Chapter 5: Grief in Indigenous LGBTQ+ and Two-Spirit communities
Individual and shared grief
I felt like I had to educate healthcare staff about both being Indigenous and Two-Spirit. They asked questions like, “‘Is your wife a lesbian?” and “Tell us what Two-Spirit is.” They were interested, but why don’t they have Indigenous people coming in to do workshops and training? They could be working with friendship centres.
As an Indigenous LGBTQ+ or Two-Spirit person in Canada, you may grieve many losses that are unique to your circumstances. Some of the consequences of this include the loss of cultural identity; community; and familial, clan, and other relationships. Some of these are described below. Click on each phrase to read more.
Indigenous people who would now be considered 2SLGBTQ+ were once accepted and integrated as valued members of their families and communities. As a result of Euro-Christian colonization, many Indigenous Peoples and societies lost touch with traditional ways of understanding gender and sexual identities as varied and serving complex societal roles. For many 2SLGBTQ+ Indigenous people, this has meant ongoing discrimination, suffering, and exclusion.
If you are an Indigenous person who does not identify as LGBTQ+ or Two-Spirit, the loss of traditional understandings and values may mean that you, your family, friends, or community may be struggling with how to accept and integrate 2SLGBTQ+ people fully into important aspects of community life, such as in ceremony or other shared events and practices. This can be especially difficult when there has been a death.
If you’re an Indigenous person who has lost some or all of your connections with your family or community of origin because of discrimination based on your 2SLGBTQ+ identity, this has likely been deeply painful for you. The need to be understood and accepted may have led you to leave your First Nation, Inuit, or Metis community or family in search of a sense of safety and belonging elsewhere. You may struggle to understand who you are when familial and community ties have been broken.
Whether or not you’ve been able to find or create a new community or family for yourself, there may be times when old wounds are reopened. This might be because of the death of someone in your old community or because you’re nearing the end of your own life. Perhaps you wish to participate in a ceremony that honours the person who has died. It is also possible that you want to die where you were born. If these things aren’t possible, for example, because you would be shamed, rejected, or required to deny your 2SLGBTQ+ identity, you may have deep feelings of grief and disconnection.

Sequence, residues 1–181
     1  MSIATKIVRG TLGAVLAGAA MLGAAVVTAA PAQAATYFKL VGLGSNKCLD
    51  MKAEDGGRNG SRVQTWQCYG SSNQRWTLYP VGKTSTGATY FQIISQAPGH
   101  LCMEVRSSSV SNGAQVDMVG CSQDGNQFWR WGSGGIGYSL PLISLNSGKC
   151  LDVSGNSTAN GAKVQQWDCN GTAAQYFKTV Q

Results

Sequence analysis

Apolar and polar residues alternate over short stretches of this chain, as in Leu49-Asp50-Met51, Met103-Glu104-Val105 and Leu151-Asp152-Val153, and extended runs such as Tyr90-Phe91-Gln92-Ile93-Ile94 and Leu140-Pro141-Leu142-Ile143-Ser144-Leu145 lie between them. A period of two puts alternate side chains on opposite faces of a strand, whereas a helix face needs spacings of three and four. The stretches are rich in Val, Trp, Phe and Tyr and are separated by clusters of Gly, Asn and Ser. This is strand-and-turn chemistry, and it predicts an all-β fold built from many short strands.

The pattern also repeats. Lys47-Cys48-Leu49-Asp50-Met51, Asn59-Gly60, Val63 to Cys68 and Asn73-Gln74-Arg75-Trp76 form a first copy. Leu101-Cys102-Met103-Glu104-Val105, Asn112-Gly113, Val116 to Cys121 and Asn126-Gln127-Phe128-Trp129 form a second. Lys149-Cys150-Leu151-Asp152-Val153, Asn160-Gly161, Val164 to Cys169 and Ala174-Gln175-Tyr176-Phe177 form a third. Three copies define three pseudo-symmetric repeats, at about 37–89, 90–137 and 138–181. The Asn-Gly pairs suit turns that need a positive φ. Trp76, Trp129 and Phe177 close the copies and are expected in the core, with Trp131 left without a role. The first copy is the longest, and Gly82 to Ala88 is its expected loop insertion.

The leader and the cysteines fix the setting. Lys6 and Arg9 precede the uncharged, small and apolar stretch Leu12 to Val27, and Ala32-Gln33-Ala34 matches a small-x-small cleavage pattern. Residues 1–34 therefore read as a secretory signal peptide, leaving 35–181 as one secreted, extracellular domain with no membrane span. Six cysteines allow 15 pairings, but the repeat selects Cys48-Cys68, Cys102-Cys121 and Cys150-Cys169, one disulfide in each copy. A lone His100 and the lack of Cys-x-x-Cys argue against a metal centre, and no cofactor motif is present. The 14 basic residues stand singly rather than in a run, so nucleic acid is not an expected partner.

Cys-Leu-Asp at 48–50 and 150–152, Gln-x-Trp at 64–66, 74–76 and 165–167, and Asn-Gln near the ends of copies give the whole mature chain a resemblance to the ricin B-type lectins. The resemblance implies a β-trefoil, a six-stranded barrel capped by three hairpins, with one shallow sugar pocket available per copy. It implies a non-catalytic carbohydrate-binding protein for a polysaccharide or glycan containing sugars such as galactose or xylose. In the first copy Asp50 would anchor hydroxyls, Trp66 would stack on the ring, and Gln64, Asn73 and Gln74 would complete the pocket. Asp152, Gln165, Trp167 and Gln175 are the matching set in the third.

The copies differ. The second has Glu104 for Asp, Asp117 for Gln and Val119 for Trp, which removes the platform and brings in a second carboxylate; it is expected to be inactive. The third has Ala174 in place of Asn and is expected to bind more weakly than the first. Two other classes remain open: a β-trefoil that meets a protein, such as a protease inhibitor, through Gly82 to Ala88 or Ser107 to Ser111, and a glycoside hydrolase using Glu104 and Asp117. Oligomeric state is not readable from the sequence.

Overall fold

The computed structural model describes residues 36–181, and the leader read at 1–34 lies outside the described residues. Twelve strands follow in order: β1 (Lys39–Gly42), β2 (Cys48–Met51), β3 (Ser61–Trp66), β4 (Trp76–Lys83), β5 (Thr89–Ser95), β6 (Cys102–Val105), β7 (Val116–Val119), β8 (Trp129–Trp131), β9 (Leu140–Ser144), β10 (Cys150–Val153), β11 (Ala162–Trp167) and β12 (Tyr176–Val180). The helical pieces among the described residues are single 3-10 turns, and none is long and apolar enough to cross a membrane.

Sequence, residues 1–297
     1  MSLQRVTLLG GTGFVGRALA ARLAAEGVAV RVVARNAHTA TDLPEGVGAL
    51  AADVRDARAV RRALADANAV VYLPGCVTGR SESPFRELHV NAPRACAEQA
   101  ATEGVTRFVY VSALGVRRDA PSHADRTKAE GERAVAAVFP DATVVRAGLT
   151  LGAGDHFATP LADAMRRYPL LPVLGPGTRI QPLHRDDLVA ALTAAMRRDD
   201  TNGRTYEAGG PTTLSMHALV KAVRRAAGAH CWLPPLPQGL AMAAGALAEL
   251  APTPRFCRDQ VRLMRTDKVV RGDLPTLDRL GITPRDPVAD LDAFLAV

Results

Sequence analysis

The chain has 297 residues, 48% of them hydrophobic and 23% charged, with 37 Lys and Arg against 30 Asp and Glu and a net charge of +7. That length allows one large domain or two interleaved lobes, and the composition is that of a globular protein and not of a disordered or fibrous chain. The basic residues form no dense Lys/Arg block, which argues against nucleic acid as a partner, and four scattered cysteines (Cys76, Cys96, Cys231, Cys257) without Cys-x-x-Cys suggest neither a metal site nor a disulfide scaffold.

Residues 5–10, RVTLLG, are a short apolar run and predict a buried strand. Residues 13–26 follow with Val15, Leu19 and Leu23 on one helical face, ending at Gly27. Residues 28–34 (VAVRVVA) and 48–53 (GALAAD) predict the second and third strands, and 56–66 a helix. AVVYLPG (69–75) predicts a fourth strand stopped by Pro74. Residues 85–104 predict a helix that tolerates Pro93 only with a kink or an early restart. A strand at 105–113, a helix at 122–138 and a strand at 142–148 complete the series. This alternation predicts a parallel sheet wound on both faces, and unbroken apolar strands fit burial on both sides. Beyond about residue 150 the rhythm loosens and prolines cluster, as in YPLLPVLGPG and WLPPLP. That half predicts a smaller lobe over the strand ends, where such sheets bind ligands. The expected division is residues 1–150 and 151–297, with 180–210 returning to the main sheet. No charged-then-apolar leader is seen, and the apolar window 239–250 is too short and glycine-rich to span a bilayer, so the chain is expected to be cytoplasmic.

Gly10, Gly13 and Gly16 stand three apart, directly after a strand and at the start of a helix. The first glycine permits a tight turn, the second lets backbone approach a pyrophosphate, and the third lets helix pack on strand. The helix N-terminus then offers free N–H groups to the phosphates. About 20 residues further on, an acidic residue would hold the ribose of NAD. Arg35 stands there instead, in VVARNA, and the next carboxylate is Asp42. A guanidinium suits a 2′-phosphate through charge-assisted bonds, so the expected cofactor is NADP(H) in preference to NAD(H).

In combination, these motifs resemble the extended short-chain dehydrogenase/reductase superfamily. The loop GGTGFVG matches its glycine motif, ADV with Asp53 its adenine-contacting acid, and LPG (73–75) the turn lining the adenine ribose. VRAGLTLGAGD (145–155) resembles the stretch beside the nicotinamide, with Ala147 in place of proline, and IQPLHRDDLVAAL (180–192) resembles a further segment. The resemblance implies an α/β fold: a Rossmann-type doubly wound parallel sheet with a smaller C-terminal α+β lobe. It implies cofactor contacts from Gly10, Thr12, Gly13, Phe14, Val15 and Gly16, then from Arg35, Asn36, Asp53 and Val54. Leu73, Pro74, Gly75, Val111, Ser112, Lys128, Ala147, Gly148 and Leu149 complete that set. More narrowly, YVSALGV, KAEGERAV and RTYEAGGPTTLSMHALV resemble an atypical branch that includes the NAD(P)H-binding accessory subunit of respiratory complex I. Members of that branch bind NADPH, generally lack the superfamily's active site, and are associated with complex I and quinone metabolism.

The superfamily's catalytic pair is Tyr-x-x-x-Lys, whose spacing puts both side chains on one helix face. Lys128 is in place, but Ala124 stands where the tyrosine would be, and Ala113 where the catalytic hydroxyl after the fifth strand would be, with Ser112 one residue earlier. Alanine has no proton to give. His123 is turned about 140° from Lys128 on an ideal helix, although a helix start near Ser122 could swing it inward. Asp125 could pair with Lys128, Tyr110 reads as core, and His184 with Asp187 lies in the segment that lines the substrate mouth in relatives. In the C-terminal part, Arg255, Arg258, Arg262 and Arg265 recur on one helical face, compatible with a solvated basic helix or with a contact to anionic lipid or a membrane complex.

If you are grieving the death of an Indigenous 2SLGBTQ+ person, you may feel a lack of support or recognition for your grief. You may also feel that you, the person who died, and your relationship with the person are not respected. If their family or community of origin does not accept their 2SLGBTQ+ identity and is in charge of funeral or other arrangements, you may be excluded or not feel free to participate.
These losses can run deep, affecting your day-to-day life, and you may find little support and understanding for your grief. If you are an Indigenous person, your personal grief is likely to be deeply embedded in the collective grief of all Indigenous people.
What may help
- Look for ways to connect with other Indigenous LGBTQ+ or Two-Spirit people and to learn about traditional views of gender and sexuality.
- If you’re without acceptance or support within your family or community of origin, you may be able create a “chosen family.”
- Similarly, you may connect with a community, if not Indigenous and 2SLGBTQ+, then perhaps an Indigenous community that accepts and embraces you as you are, or a 2SLGBTQ+ community that is truly inclusive to Indigenous people.
- Explore online supports and resources for Indigenous LGBTQ+ and Two-Spirit people.
- By reflecting on ways your own grief is connected to that of other Indigenous Peoples, you may feel less alone and learn how others have found ways to live with their losses.